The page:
by Luis Prada
It’s 2013. The XBox 360 has been on store shelves and in your homes for nearly eight years. So it makes sense that the rumor mills are churning, cranking out word that a new Microsoft console is on the horizon, possibly coming out by year’s end. This is catnip for console gamers. Awaiting the announcement of a new console is like fighting off sleep to wait patiently by the chimney for Santa. In July.
The new XBox, which goes by the codename “Durango,” is rumored to have Kinect, the full-body motion captioning camera, installed in every console out of the box. And according to one source, the Durango will use Blu Ray discs and will have DVR-like abilities.
No console rumor has caused more gamers to light up forums and comment sections than the yet unverified leaked info detailing the Durango’s use of always-on DRM. That makes no sense to the gamer that just wants to play a game and doesn’t care what kind of tech is in fancy plastic box, so let’s put it another way: there’s a chance that the new XBox will use anti-piracy software that disallows the player from playing a game he or she did not purchase brand new.
From a business prospective, this would be great for Microsoft. They’d potentially rake in tons of cash because their games would never hit a secondary retail market. But for the gamer, this is a travesty; games would never hit a secondary retail market.
Think about this: how many games have you played throughout your life that would you never have experienced if not for having a friend who willingly let you borrow the game they paid for? How many games have you bought simply because they were previously owned and dirt cheap at Game Stop or Amazon? When you were a kid, how many times did a friend come over to your place with a stack of games to play during a sleepover; games you’ve never played and could never own because you couldn’t afford them and all your parents ever bought you were lame educational games?
All of these moments, these memories, the exposures, could never happen in a DRM world. In a DRM world, you buy a game and whether it be through the use of a serial code or some other silly tech, that game is eternally tied down to that specific box. Want to take a game over to a friend’s house for an all-nighter? You’d better drag your massive console and all its accompanying wires and cables along with you. Want to experience a triple-A title but you don’t want to pay triple-A prices? Sorry, you can’t wait a few months for someone to sell their copy for a fraction of the price. You’re going to have to buy the thing brand new from a retailer.
What Microsoft — yet, thankfully, not Sony with their newly announced and DRM-free PS4– would gain in cash, what the game developers and publishers would gain in cash, regular gamers would lose in experiences. What would be lost is a very human connection to games. After-market sales of video games bring a real world sense of discovery, one that the games themselves attempt to provide but as of yet can’t duplicate well enough. As many of us can attest, finding a hidden secret in a game after spending hours and hours exploring every craggy corner of a digital world is exhilarating. It feels like you’ve accomplished something. But that feeling exists on a small scale when you compare it to the bigger sense of discovery; the one you get when you find that hidden gem of a game after digging through every craggy corner of a used game bin. That’s a real, far more tangible sense of discovery. You get that feeling when a friend not only recommends a great game, but pulls it off his shelf and puts it in your hands. You get that feeling when you go to Goodwill and find a game someone basically just threw away, and it’s only a couple of bucks. Sure, you can always get that sense of discovery from the game itself, but as with most digital interactions and experiences, it’s ultimately hollow. This is one of the few areas where the digital joys of video games meet the joys of real life, and this (hopefully) hypothetical situation of next-gen consoles stripping us of the ability to share and discover would also strip us of our instinctual need to share our experiences, even if it means sharing the goods we’ve purchased so that others can experience them for or at a fraction of the price.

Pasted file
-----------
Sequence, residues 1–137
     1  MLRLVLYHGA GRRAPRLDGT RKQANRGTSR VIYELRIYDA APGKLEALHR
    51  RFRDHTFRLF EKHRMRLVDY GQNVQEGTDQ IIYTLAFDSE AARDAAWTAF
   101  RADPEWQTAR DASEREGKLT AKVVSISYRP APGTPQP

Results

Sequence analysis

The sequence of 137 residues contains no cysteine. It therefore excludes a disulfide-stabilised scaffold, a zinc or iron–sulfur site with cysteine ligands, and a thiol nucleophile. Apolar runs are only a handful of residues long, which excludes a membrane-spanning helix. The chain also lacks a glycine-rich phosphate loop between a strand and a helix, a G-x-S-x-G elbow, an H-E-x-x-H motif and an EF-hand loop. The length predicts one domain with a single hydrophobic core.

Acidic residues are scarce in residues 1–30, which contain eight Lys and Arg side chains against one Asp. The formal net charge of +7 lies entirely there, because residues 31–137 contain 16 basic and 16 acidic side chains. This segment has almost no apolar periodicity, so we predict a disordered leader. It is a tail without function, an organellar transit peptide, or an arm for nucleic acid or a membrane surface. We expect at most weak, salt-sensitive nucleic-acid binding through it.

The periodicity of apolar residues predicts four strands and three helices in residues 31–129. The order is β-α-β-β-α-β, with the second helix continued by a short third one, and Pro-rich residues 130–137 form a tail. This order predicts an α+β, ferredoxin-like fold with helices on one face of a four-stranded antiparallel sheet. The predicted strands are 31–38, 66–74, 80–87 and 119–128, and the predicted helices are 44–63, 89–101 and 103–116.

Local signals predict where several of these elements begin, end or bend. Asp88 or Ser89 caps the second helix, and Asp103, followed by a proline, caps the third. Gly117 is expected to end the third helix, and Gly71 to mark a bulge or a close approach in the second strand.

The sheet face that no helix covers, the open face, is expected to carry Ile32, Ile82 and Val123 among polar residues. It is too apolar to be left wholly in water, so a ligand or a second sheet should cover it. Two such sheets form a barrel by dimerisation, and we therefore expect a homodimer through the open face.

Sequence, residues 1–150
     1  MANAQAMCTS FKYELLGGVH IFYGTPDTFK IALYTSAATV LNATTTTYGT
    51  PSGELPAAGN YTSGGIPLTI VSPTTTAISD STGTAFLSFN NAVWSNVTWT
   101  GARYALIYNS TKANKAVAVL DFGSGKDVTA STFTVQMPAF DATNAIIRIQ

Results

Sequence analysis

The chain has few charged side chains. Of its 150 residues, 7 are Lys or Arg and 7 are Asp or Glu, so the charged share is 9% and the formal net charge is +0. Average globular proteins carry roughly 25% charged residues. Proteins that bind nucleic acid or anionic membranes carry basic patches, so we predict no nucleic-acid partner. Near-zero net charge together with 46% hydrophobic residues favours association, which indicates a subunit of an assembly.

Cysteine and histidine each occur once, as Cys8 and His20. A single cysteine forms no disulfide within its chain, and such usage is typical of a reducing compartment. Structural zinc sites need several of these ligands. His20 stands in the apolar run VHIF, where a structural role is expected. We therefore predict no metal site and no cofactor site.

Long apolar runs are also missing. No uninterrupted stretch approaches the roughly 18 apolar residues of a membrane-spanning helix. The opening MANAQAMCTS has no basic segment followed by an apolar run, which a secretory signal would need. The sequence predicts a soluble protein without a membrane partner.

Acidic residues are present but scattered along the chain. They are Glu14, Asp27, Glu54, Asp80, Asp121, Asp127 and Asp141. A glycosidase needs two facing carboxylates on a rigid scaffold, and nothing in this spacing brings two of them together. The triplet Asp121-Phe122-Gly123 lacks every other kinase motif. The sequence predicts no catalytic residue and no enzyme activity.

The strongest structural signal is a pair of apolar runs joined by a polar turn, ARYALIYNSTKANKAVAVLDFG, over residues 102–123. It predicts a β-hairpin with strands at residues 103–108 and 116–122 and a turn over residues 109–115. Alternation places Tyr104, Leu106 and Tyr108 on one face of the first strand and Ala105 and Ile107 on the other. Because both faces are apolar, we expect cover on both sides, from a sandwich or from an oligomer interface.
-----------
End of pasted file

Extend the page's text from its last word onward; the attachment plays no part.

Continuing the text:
Piracy will always be an issue, and of course I can’t provide answer to it. So far, no one has been able to stop piracy of any kind, dating back to when being a pirate meant you had scurvy and you were being hunted down by the Royal Navy. But one thing is certain: the human connection to entertainment and art cannot be removed for financial reasons simply to spite a minority of people who are hoping to not pay for anything, ever. You remove that human connection, you remove us, the people who just want to take a game to a friend’s house and without having to resort to hacking to get the disc working on their non-tethered console.
The reason people pirate and hack is because of a lack of openness. If you don’t let us do what we want, we’re going to find ways around your system and you’re not going to like it. So, Microsoft, rather than making it harder for us to do the thing we love, why not go the other way and give us an overabundance of freedom? Burden us with choice. Fill us with anxiety whenever we try to settle on just one of all the wonderful, innovative ways we can share our gaming experiences with each other. Make “too much of a good thing” a real problem. That’s all we want.